DA finds red onions hitting P600/kilo, still assures enough supply
The price of onion has skyrocketed to P600 a kilo in some public markets, or double last month’s level, but the Department of Agriculture (DA) said it was not considering allowing the importation of the commodity because there was still enough supply.
Based on the DA’s price monitoring as of Tuesday, prevailing prices of locally produced red onions averaged P500 a kilo, an increase of 150 percent from P200 a year ago.
Local red onions retailed from a low of P460 a kilo at Mega Q Mart in Quezon City to a high of P600 at San Andres Market in Manila and Marikina Public Market in Marikina City.
These prices are way more than the suggested retail price (SRP) for red onions set by the DA at P170 a kilo in October this year, but DA deputy spokesperson Rex Estoperez said at the Laging Handa public briefing on Tuesday that the SRP was only a “guide” and that prices would still be determined by the available supply and the demand from consumers.
“It will be challenging for us to enforce the SRP because if we do so, no vendor will be selling because their (production cost) is high,” he added.
The DA official said he visited several markets on Tuesday and saw vendors selling small onions at P480 a kilo and bigger ones at P520 a kilo.
“I asked one retailer if the (the onions) are still selling even if the price is like that, he said there are buyers and they are also waiting for the production (harvest) this coming January,” he recalled.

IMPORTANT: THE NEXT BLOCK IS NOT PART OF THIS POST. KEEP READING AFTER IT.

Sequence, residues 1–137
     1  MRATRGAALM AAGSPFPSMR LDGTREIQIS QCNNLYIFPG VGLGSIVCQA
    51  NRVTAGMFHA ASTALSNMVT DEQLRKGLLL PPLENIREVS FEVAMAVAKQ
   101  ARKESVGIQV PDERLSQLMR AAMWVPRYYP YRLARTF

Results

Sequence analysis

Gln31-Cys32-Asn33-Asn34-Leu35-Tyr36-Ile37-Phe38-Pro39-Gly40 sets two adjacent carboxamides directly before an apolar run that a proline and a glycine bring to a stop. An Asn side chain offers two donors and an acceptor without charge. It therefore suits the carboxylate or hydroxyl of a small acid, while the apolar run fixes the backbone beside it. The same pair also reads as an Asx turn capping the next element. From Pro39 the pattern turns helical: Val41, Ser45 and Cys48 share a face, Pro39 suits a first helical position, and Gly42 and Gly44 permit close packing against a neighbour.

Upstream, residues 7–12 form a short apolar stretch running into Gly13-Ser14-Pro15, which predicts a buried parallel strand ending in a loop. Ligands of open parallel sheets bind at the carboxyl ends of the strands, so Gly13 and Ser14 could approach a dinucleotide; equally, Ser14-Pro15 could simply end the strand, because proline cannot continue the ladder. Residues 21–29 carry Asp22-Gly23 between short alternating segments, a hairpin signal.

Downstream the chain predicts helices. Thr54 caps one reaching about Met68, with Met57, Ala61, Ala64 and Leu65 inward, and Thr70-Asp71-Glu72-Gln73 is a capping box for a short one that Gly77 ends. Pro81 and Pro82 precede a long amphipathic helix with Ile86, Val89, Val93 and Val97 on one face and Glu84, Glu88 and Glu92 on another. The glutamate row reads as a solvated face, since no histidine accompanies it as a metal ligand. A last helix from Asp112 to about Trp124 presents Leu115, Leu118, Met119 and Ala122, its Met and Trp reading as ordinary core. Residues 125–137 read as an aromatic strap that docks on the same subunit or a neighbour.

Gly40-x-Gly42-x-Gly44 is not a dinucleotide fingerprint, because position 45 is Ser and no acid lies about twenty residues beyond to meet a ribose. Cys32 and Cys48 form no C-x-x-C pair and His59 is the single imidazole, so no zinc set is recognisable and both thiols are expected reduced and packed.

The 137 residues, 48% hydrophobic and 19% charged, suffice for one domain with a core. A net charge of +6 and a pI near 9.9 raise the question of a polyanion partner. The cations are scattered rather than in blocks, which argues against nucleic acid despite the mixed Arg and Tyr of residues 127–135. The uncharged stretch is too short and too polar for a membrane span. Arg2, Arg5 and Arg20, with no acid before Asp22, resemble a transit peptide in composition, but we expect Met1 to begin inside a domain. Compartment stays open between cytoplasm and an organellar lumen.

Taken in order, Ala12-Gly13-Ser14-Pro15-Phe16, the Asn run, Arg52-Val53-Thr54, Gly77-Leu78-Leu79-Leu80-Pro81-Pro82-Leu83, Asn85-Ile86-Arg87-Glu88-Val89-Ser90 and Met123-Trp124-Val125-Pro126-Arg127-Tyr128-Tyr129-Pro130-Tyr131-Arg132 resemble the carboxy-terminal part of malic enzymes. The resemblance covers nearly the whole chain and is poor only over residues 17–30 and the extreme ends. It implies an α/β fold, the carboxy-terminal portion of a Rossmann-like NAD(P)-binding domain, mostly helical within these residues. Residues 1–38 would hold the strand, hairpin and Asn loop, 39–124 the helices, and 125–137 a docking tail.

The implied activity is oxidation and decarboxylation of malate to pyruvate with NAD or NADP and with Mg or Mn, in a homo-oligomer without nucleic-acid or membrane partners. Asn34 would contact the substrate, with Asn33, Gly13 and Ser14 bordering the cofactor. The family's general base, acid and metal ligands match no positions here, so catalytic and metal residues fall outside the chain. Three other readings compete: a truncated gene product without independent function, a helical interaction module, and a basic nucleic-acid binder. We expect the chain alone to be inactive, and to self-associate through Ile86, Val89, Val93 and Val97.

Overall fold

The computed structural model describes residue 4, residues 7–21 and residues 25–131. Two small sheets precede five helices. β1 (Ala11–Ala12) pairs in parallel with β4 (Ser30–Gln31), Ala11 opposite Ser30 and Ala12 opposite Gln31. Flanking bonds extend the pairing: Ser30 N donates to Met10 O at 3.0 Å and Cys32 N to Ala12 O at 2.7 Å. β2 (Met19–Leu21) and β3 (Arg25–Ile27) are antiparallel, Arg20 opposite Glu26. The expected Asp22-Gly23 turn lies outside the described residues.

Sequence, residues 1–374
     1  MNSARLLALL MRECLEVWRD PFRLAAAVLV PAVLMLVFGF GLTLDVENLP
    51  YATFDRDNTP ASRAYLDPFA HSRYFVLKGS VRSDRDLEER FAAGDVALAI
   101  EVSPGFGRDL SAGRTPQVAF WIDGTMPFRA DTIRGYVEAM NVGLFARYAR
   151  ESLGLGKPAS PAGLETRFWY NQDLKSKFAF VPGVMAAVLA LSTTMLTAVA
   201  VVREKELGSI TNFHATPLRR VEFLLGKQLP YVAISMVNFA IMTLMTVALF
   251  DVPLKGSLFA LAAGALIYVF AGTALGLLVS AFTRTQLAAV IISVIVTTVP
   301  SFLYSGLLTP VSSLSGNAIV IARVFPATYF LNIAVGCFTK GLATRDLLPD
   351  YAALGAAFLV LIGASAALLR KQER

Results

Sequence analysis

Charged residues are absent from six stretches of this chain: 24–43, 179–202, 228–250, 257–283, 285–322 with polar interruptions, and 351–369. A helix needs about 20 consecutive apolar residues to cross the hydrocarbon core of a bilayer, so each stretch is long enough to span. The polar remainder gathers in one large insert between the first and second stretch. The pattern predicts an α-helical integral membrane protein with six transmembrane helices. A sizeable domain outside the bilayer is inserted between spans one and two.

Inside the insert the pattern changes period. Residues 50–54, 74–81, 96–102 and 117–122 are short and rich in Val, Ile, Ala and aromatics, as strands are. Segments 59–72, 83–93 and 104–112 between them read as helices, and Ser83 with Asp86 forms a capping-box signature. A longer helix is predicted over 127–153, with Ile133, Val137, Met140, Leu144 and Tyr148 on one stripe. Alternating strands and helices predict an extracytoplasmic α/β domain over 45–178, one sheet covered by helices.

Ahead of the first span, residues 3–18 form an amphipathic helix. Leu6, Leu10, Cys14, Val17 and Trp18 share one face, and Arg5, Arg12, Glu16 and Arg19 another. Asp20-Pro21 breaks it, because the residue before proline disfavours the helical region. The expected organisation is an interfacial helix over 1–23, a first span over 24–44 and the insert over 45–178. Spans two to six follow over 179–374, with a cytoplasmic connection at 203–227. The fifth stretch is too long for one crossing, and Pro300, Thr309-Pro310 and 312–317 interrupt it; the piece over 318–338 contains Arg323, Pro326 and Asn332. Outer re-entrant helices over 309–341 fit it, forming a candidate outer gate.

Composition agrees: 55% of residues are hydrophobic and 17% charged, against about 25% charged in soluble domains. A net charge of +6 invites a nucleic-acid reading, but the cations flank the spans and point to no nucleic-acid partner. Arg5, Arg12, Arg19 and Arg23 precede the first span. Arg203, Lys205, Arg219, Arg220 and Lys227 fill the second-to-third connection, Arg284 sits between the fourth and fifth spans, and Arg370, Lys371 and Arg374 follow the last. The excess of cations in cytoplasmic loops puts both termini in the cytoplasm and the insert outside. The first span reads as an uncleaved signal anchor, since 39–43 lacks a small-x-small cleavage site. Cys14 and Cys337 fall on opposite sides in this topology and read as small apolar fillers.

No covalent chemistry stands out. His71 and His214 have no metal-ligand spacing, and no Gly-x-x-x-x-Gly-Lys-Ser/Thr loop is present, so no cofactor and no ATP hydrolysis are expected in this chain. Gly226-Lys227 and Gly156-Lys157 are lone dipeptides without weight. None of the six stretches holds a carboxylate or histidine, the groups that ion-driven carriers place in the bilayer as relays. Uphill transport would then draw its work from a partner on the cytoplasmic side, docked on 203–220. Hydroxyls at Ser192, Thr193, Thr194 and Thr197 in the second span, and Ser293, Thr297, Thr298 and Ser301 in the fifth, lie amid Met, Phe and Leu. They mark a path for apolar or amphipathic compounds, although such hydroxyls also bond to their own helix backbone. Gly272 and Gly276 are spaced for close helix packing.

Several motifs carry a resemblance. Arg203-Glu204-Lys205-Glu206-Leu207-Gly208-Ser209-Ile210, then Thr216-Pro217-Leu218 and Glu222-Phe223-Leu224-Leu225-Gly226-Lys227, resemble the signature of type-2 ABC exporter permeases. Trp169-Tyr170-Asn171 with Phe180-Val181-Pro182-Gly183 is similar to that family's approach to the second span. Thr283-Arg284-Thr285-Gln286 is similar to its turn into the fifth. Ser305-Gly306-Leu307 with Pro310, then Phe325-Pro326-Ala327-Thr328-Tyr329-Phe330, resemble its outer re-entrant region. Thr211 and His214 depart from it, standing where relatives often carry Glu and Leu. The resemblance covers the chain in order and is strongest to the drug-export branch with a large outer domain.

Estoperez could not provide an estimate of the volume of onions expected during next year’s harvest season, adding that many farms were still recovering from the effects of typhoons.
He said thousands of hectares remained unplanted due to the high cost of production and the onion farmers were worried since they “do not know when the prices will plummet, when the next typhoon is going to come.”
The onion planting schedule starts in September at the earliest until March, while harvesting may start in December until June, the reason that the DA official said more supply could be expected next month.
The Samahang Industriya ng Agrikultura (Sinag) said local red onions in the markets were overpriced and should be sold at only P430 to P450 a kilo.
Citing reports from local producers, the group said the farm-gate price ranged from P250 to P370 a kilo against P150 to P180 during the previous harvest. This is the selling price between farmers and traders or middlemen, with the latter often dictating the pricing.
Estoperez said he and other officials visited onion farms in Nueva Ecija, Tarlac, and Pangasinan provinces before Christmas and found out that farm-gate prices averaged at P300 a kilo.
He noted that onion farmers were currently benefiting from high prices because they were able to recover the cost of production.
“Our onion farmers are not complaining certainly, but are wary because they are being used (by traders) to justify the high retail prices of onions,” said Sinag executive director Jayson Cainglet.